Gaza power station shuts down after Sinai militants attack fuel convoy
Sources in Strip say militias hijack trucks filled with Qatari fuel; Hamas official: Israel, Palestinian Authority, Egypt responsible for delay in supply.
Armed militias in the Sinai hijacked trucks delivering fuel from an Egyptian port city to the Gaza Strip, Palestinian sources told Haaretz on Thursday, causing the Strip's depleted power station to cease functioning later Wednesday night.
The trucks were scheduled to deliver 150,000 liters of fuel destined for Gaza's power station, which was sent from Qatar to the Egyptian port town of Arish.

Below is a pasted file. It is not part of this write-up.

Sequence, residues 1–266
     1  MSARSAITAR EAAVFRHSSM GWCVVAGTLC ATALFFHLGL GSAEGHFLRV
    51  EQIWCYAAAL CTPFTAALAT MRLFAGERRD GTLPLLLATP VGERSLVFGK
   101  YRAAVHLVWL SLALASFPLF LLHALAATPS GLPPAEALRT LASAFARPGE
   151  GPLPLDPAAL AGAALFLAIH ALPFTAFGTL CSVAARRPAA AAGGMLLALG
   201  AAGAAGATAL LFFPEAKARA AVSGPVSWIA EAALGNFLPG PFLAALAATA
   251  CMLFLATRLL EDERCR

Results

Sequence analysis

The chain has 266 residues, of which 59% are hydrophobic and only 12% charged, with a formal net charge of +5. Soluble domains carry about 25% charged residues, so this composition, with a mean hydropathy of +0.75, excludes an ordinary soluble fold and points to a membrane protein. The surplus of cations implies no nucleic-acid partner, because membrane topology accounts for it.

According to Palestinian sources in the Gaza Strip, however, some of the trucks were attacked by armed militias, who then stole or burnt them down. This ultimately led to authorities in Gaza to shut down the Strip's power station over a lack in fuel.
By Thursday evening, however, all 150,000 liters of fuel made it from Qatar to power station in Gaza.
In response to the attack, Egypt sent emergency reinforcements to the region early Thursday, geared at providing the fuel convoy with safe passage through the desert peninsula.
As a result of Egyptian efforts, trucks began arriving at the Egyptian side of the border with Gaza.
Hamas officials speaking to the Palestinian news agency Ma'an, however, blamed Israel, Egypt, and the Palestinian Authority for the delay in fuel supply, saying that the shipment was being delayed at the border.
"Since the Qatari fuel has not entered, and in light of not having the necessary fuel to maintain the sole power plant in Gaza, the power plant stopped working," Hamas officials told Ma'an.
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